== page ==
September’s digital download

Did you recognize this gem?

That’s right — it’s Lake St. Peter Provincial Park!

A favourite with RVers, the park sits on a large lake, boasting lots of waterfront campsites. Explore it by boat, stretch out on the beach, or rent a canoe or kayak. Plus — as you can see — the shoreline lends itself to some outstanding sunsets!

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Pancake Bay voted Lake Superior’s “Best Beach View”

What’s Pancake Bay’s secret?

Is it the white, sugary sand? The Caribbean blue-and-turquoise waters? The expansive views across Lake Superior from the beach, or high above from the Edmund Fitzgerald Lookout.

Actually, it seems to be all of the above and more. For the sixth year in a row, Pancake Bay Provincial Park has been named one of the “Best of the Lake” in Lake Superior Magazine’s annual Reader’s Survey.

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Beach accessibility at Ontario Parks

Beaches can be an accessibility challenge for park visitors using walkers or wheelchairs. Because of the soft sand, wheels and legs of walkers can sink in, making them tough to maneuver.

As a part of our commitment to making parks as accessible as possible, more parks are offering beach accessibility measures to help visitors explore our shorelines.

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Why driftwood matters

Today’s post comes from Laura Myers, Senior Park Interpreter of Neys Provincial Park.

Driftwood – it makes a great bench to watch the sunset, a balancing beam to play on, or that perfect element to your photograph.

There’s something about driftwood that gives beaches that rugged beauty factor. Walking on a beach, listening to the waves and the birds, and looking at the different pieces of driftwood can be wondrous and relaxing.

Has a piece of driftwood ever caught your eye and made you wonder where it originally came from? How it got that far up the beach? The size of the wave that put it there? What species of tree or how old it is?

Each piece of driftwood has its own journey and its own story. But its story isn’t over when it washes up on the beach.

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Front crawl, butterfly, and backstroke your way to better health

Whether you walk through the waves or jump off the dock, there’s no better way to cool off than going for a swim.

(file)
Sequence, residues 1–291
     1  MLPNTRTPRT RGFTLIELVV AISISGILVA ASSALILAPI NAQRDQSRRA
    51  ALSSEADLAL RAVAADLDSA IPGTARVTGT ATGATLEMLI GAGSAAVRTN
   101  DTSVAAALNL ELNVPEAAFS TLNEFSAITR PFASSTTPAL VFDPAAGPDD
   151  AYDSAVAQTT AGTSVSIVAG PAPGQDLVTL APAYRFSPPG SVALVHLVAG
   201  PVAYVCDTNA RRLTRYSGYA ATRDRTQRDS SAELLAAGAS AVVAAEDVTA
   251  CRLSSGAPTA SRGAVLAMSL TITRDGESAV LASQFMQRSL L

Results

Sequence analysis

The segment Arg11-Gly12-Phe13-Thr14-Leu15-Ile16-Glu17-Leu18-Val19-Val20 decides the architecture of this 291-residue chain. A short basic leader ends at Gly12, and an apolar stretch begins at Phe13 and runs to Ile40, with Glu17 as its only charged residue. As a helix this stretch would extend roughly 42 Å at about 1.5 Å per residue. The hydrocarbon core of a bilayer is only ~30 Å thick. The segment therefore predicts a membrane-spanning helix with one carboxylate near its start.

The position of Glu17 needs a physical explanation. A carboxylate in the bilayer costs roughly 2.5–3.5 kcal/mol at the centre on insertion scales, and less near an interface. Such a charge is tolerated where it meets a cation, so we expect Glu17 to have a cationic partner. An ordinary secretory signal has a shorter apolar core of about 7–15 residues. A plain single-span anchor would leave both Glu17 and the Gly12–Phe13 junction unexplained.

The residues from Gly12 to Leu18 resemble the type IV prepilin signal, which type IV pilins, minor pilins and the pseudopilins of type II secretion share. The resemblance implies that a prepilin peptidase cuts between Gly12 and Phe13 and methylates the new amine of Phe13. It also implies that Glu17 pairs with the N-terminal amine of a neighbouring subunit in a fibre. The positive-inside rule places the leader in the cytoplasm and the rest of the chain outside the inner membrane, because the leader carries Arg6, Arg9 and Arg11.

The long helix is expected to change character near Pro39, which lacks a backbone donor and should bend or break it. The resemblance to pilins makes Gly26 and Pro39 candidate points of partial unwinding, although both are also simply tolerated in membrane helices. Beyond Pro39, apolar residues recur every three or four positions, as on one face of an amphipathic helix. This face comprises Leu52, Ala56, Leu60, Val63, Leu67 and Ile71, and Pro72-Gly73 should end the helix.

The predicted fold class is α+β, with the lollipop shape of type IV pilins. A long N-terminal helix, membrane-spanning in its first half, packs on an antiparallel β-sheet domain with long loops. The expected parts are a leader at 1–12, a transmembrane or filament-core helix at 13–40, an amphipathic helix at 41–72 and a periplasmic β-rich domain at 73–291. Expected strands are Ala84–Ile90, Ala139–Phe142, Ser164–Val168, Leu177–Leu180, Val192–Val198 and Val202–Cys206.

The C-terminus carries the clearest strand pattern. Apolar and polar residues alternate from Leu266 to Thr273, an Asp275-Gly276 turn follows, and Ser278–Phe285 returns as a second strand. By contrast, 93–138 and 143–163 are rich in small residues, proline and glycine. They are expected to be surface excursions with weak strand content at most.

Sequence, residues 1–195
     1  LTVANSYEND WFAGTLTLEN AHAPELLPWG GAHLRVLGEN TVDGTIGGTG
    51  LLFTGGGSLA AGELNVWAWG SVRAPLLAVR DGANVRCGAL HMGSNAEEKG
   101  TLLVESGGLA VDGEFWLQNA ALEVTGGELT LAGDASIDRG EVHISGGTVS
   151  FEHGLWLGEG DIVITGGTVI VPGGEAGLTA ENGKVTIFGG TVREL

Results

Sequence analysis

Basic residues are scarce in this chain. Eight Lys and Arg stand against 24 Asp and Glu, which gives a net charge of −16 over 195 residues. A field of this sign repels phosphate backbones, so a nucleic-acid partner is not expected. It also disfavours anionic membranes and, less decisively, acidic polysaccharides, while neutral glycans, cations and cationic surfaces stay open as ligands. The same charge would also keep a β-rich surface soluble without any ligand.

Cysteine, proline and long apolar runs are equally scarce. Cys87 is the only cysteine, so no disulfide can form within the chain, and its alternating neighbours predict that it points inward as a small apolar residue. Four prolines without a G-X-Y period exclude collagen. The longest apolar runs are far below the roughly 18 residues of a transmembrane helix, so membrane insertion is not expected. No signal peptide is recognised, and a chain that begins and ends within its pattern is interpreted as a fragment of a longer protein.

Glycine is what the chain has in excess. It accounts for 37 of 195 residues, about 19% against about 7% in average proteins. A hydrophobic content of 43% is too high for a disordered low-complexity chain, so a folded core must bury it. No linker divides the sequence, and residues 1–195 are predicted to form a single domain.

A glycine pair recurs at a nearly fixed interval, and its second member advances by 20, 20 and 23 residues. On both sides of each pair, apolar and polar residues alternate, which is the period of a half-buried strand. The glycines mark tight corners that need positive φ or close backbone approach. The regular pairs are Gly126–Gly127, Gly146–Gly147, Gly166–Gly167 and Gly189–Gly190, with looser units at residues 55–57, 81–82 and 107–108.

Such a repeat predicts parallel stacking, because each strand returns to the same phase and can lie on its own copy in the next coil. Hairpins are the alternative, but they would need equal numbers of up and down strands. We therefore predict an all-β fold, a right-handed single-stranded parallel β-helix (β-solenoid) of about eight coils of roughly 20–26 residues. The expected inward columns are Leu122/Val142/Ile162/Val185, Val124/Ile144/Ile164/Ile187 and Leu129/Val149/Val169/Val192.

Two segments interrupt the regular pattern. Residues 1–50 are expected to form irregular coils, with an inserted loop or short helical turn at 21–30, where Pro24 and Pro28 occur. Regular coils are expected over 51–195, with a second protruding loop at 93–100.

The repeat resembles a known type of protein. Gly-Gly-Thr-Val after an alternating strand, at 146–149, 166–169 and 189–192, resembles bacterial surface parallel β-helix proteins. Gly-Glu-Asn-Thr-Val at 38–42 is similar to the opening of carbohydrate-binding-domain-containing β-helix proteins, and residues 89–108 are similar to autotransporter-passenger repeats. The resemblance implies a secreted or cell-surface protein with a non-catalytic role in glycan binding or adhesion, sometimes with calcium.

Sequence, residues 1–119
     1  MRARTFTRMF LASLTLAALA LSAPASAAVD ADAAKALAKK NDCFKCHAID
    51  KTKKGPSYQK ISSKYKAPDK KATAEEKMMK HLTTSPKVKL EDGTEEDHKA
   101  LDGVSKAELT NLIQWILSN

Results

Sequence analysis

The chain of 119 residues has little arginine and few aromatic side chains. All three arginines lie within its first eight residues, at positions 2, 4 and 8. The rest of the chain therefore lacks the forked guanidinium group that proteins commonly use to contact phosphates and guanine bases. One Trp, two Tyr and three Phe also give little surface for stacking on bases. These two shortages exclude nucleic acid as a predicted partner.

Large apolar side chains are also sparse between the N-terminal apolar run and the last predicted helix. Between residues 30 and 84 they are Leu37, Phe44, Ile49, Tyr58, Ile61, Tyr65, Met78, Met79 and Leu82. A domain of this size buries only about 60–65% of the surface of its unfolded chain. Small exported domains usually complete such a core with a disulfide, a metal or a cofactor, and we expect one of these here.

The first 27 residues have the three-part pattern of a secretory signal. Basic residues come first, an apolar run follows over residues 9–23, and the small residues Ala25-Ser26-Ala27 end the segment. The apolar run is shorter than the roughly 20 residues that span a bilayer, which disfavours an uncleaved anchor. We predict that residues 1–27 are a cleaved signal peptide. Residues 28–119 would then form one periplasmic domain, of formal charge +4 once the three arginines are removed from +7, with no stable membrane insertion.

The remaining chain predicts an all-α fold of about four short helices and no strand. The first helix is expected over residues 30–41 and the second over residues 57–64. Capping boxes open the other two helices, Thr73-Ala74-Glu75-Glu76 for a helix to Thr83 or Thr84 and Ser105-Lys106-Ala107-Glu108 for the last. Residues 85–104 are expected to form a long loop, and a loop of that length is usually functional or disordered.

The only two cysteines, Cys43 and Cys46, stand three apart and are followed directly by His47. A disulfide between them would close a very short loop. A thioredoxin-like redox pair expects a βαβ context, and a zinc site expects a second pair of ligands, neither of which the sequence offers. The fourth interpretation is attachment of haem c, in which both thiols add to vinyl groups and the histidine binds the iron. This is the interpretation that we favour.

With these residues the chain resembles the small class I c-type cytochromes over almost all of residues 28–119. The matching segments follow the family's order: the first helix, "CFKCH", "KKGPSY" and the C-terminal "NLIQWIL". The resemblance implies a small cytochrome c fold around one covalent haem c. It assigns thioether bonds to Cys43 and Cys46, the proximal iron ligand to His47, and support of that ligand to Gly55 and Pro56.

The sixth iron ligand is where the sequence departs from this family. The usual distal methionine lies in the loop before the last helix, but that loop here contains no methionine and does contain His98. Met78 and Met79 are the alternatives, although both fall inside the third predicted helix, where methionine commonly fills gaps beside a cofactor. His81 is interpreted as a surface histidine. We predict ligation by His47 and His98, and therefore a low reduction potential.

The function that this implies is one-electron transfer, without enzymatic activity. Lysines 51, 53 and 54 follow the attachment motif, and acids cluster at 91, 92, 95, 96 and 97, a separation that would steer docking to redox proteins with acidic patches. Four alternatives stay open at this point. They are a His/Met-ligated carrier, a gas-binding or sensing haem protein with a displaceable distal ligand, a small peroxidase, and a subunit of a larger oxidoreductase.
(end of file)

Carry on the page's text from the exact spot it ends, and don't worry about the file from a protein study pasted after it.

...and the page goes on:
This summer, as you escape the sweltering heat in one of Ontario’s lakes, think about these head-to-toe benefits your body is receiving from that dip:

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Piping Plovers

Today’s post comes from Assistant Ecologist and Piping Plover specialist Ian Fife.

If you’ve visited some of our popular Great Lakes beaches, you may have noticed restricted areas for a tiny bird no larger than a sparrow.

What’s so important about these birds, and why do we fence off parts of our beaches to protect them?

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Spring flooding at Ontario Parks

Due to this spring’s high water levels, many provincial parks experienced flooding that delayed their opening or closed their trails and campgrounds.

Our staff have been working hard to help our parks dry out and re-open for visitors. Take a look at what our teams had to contend with this spring:

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Our free PFD Lending Program

Our visitors enjoy some of the most beautiful beaches and waterfronts in Ontario – from the barrier dune formations of Sandbanks to the Caribbean blue waters of Pancake Bay.

While swimming, boating and other water activities are a centrepiece of any Ontario Parks adventure, there are also risks associated with these activities.

We want our campers and day-trippers to stay safe when they hit the waves.

And that starts with a PFD (personal flotation device)!

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Beach therapy: some TLC for our most popular shorelines

Today’s post comes from Assistant Zone Ecologist Jenni Kaija, who shares a story of ecological restoration unfolding at Long Point Provincial Park.

As I made my way down to the sandy shoreline of Cottonwood campground in Long Point Provincial Park, I was overjoyed to spot a huge flock of gull and tern species resting just off shore.

Fall is one of my favourite times to spend time in our provincial parks. Everything was quite peaceful, and the birds seemed to be enjoying the quiet as much as I was.

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